Update: Sold $132,000.

September 2017 Auction Results, Pt. II

We’re back, this time starting with Mecum’s Dallas sale. The top sale was this 2006 Ford GT for $270,000.

Photo – Mecum

We featured a big Cadillac from this sale and it sold for $130,000. Check out everything else that sold (or didn’t) here.

Bonhams held their Chantilly sale in Paris in September and the top sale was this pretty 1953 Aston Martin DB2 Vantage Cabriolet for $485,415.

Photo – Bonhams

A previously-featured Horch failed to find a new buyer at this sale, but the Frazer Nash Shelsley did, selling for $242,707. And that crazy Ferrari 328 Conciso sold for $138,690. Click here for more results.

Let’s go to Italy for RM Sotheby’s all-Ferrari sale held at Ferrari. Ferrari actually auctioned off some stuff they had lying around (like a LaFerrari Prototype and a wind tunnel model of their newest model). The top sale was actually a 2017 LaFerrari Aperta – a car I was excited to feature, but Ferrari didn’t release what it was going to look like until right before the sale, so there weren’t any available photos. It brought an eye-watering $9,947,425. To be fair though, it was sold to benefit charity, so someone probably bought a nice, big tax write-off (depending on where the buyer was from).

Photo Courtesy of RM Sotheby’s

Two cars sold at this auction that we’d featured: a 195 Inter (for $1,078,636) and a one-off 250 Europa by Vignale for $3,440,850. Click here for complete results.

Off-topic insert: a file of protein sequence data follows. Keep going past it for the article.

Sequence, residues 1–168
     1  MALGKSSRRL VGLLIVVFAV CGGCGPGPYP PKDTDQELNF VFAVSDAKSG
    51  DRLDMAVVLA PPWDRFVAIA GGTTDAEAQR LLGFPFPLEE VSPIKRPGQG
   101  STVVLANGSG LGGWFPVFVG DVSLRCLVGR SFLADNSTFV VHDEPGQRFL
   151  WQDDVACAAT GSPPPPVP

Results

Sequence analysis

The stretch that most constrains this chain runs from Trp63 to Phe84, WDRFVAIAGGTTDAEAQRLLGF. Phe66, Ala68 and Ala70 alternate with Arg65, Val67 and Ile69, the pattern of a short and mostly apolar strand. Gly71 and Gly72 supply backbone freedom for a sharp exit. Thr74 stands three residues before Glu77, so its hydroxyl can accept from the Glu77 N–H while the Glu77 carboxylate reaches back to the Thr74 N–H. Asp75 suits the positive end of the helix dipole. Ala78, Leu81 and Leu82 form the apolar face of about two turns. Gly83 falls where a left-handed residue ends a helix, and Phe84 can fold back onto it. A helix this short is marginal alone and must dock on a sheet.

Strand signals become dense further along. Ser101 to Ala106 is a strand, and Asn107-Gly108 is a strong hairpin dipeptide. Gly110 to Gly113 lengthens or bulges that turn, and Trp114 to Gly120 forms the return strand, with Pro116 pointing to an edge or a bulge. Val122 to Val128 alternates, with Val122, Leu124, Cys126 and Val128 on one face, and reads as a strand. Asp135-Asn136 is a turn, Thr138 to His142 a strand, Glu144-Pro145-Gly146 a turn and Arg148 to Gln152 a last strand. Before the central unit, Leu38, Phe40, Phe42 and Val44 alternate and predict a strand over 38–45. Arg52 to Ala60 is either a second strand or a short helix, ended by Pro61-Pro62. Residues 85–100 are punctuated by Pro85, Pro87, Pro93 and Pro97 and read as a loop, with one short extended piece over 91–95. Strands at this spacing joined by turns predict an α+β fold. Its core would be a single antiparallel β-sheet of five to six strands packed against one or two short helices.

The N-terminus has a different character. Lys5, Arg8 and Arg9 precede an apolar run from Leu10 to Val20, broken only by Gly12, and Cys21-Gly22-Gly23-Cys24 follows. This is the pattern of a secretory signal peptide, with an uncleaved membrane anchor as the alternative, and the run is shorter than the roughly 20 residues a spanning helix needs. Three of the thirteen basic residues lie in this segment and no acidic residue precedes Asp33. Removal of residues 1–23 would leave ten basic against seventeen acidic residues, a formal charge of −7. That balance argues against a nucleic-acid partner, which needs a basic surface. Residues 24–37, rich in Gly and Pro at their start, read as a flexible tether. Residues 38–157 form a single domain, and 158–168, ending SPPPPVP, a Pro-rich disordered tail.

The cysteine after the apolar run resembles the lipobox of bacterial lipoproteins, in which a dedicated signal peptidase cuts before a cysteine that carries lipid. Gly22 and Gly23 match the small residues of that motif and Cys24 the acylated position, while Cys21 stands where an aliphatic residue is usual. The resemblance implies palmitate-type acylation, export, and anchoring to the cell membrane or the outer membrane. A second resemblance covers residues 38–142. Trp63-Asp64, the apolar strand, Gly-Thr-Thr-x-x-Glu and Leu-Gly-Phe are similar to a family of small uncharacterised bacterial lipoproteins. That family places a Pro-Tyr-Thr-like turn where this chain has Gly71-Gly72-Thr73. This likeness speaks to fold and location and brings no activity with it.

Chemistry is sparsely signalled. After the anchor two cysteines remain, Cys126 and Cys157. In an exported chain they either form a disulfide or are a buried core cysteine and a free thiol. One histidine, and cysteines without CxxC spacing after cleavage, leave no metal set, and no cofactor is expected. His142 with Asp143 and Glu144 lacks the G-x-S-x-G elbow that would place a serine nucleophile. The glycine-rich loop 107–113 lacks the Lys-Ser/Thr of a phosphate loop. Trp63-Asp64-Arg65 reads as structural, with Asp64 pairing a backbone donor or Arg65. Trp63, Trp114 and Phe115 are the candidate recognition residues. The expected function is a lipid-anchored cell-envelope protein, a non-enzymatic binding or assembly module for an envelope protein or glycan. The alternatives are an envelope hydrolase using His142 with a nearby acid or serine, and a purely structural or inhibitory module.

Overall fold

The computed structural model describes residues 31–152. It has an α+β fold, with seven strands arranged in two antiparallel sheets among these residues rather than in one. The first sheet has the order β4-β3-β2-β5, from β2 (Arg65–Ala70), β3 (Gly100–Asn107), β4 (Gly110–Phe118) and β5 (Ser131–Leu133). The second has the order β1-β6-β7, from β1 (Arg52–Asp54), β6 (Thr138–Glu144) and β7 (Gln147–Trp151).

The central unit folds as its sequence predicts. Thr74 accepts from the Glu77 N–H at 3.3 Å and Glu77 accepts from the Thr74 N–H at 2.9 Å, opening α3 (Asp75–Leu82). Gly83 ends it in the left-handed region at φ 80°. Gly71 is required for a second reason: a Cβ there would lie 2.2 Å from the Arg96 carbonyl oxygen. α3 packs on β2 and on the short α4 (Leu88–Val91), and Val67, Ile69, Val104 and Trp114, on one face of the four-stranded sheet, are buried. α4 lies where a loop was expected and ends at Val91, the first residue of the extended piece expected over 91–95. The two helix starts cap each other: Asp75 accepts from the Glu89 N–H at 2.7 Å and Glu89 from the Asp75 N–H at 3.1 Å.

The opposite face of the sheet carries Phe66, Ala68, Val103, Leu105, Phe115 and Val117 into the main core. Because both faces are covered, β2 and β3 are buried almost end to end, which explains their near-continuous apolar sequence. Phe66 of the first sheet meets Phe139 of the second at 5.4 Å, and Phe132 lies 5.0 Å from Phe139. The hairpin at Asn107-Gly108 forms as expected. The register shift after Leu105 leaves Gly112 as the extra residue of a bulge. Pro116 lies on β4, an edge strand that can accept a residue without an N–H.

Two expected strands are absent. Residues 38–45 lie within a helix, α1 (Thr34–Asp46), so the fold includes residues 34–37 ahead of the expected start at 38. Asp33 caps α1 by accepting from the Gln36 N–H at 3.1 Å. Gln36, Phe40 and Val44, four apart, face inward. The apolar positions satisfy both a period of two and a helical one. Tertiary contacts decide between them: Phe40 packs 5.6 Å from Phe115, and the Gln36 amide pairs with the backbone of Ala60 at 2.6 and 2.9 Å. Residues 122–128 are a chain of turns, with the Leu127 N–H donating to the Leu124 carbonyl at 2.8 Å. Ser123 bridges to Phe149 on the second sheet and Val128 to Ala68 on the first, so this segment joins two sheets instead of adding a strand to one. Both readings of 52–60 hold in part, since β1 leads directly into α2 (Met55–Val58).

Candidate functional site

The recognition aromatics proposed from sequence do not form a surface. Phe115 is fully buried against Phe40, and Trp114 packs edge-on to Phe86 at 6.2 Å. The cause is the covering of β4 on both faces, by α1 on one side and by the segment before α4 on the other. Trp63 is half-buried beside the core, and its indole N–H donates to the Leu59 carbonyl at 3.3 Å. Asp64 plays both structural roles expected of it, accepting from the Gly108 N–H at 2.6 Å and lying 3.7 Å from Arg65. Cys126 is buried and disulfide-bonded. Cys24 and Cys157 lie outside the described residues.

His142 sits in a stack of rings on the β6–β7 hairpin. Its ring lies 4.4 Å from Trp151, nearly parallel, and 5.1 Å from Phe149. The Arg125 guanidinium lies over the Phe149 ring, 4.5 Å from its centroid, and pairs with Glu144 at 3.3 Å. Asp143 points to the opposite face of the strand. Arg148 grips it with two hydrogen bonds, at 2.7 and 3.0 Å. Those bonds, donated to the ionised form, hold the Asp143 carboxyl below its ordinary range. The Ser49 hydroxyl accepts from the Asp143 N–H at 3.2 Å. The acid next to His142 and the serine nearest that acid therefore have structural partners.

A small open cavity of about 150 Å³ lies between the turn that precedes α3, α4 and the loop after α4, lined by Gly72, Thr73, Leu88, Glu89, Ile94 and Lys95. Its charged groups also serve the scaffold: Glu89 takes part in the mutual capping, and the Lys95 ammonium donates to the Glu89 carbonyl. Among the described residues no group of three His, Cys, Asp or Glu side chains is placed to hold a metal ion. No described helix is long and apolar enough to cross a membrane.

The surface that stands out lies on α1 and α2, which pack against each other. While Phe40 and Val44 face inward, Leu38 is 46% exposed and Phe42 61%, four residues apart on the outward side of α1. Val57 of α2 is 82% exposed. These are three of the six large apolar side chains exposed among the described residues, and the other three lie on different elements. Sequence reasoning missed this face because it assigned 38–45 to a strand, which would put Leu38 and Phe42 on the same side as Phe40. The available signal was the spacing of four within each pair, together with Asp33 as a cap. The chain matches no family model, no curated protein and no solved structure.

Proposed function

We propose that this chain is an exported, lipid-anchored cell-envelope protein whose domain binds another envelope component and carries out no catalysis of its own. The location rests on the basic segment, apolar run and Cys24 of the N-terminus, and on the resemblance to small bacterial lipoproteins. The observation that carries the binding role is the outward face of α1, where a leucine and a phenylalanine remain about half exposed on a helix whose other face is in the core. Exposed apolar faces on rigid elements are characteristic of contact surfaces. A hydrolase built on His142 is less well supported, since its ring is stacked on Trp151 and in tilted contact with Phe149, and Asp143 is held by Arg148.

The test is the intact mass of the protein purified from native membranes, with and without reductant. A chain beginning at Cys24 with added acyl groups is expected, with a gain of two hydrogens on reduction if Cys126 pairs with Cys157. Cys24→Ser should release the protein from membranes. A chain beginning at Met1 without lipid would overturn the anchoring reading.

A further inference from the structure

Moving on to Historics at Brooklands September sale, we’ll find that the Allard M-Type we featured sold for $29,097. The top sale was this 1966 Maserati Sebring Series II for $364,284. Click here for more results.

Photo – Historics at Brooklands

Finally, the Aguttes sale held at Montlhéry. The Georges Irat Cabriolet we featured failed to sell, but this 2003 Maserati 4200 Trofeo brought more money than anything else – $324,471. Click here for the rest of the results.

Photo – Aguttes

The Most Ridiculous Mercedes

2017 Mercedes-Maybach G650 Landaulet

Offered by Bonhams | Knokke-Heist, Belgium | October 6, 2017

Photo – Bonhams

Mercedes-Benz built a six-wheeled version of their iconic G-Class a few years ago. It was pretty intense and easily one of the most over-the-top cars money could buy. And it sold out quickly. So in 2017, Mercedes, with their bizarre new marque structure where luxury models lose the “Benz” and get appended with the halfway resurrected “Maybach” name, decided to try and one-up themselves in the ridiculousness category: they built an extended-wheelbase Landaulet version of one of the world’s most capable off-roaders.

The current generation of the G-Class dates to 1990, though the exterior has been tweaked over the years to give every buyer that true “Russian Mob” feeling. The G650 Landaulet gets the AMG treatment under the hood (I guess luxuriousness trumps power when it comes to the car’s name). It’s powered by a 621 horsepower, 6.0-liter twin-turbo V-12. That’s almost as much power as a McLaren F1.